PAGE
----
I understand the province of Manitoba claims its own courts have jurisdiction to decide divorce cases. If that is the situation, there is only one question at the present time. If any province which established its constitution at the time of Confederation has not the power to give its courts jurisdiction to grant divorces, have the new provinces now the power to give their courts jurisdiction to grant divorces? That is the question to-day, and it can, of course, be decided only by the supreme judicial authority, and the sooner there is a concrete case decided m regard to this point, the better it will be. If it be determined by the supreme judicial authority that the new provinces created since Confederation have the power to have divorces granted by their own courts, that wid simplify the question very much so far as the divorce business of this Parliament is concerned.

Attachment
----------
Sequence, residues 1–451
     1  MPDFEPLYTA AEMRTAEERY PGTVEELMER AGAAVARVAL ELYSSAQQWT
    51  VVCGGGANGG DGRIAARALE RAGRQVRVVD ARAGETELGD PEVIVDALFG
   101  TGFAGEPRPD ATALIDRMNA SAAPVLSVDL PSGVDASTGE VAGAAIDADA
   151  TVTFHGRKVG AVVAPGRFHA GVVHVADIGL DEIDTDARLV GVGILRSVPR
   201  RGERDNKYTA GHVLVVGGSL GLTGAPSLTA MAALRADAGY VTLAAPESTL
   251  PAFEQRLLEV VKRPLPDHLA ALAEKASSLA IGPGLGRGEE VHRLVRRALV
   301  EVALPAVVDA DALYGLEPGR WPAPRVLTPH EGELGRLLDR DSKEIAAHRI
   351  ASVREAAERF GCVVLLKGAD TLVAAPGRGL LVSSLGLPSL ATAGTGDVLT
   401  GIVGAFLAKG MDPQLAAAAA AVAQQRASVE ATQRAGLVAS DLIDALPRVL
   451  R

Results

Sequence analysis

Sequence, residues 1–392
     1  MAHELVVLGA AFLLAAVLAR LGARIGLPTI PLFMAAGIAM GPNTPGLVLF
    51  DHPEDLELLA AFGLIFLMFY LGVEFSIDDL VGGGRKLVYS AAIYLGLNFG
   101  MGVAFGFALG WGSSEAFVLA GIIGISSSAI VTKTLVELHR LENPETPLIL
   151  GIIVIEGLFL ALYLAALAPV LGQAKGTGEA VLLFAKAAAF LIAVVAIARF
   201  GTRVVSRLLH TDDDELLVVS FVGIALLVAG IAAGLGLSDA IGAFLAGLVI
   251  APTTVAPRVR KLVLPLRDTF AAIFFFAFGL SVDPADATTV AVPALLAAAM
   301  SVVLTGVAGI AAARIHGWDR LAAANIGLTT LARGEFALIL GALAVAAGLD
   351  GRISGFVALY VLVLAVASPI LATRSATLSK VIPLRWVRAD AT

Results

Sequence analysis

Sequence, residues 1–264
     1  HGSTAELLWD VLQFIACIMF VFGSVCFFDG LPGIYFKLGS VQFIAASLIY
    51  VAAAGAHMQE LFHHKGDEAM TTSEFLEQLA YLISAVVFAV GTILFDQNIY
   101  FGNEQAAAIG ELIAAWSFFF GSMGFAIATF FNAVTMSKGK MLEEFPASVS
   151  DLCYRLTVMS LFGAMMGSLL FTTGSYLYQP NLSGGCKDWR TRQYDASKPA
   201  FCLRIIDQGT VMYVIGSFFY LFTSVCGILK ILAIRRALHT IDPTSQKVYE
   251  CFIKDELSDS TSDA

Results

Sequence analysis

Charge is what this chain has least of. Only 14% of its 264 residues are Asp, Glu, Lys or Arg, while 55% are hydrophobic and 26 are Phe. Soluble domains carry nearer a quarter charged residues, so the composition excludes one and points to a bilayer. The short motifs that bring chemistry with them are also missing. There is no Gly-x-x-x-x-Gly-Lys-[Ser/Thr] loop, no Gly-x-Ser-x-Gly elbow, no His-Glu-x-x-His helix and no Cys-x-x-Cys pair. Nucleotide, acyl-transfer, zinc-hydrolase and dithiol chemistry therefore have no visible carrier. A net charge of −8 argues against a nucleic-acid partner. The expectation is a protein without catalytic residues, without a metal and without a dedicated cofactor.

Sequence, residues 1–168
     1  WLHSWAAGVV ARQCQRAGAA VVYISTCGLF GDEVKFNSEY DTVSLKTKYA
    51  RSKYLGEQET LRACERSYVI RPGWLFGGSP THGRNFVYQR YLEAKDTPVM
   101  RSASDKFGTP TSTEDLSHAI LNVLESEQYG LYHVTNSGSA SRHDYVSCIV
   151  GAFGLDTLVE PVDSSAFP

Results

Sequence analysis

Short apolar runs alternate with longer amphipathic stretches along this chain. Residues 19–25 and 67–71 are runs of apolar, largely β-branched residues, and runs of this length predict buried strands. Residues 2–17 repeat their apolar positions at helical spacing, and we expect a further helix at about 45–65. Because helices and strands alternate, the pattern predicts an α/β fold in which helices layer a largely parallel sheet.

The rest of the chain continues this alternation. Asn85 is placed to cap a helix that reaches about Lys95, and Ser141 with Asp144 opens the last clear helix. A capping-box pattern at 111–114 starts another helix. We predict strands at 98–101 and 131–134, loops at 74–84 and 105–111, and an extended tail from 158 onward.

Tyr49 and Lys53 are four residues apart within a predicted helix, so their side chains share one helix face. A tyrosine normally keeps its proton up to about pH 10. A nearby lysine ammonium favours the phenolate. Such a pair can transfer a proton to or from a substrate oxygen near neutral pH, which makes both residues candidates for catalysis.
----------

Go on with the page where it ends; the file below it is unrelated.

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UNION

Robert Laird Borden (Prime Minister; Secretary of State for External Affairs)

Unionist

Sir ROBERT BORDEN:

Would not my right hon. friend think it better to have those matters determined by ia judicial inquiry rather than by the Senate?

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L LIB

Wilfrid Laurier (Leader of the Official Opposition)

Laurier Liberal

Sir WILFRID LAURIER:

Here is a

province which asserts- that it has, under the constitution, the authority to have its own courts decide these matters. If that he so, the question of the interpretation of the constitution ought to be. determined before any other proceeding is taken.

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UNION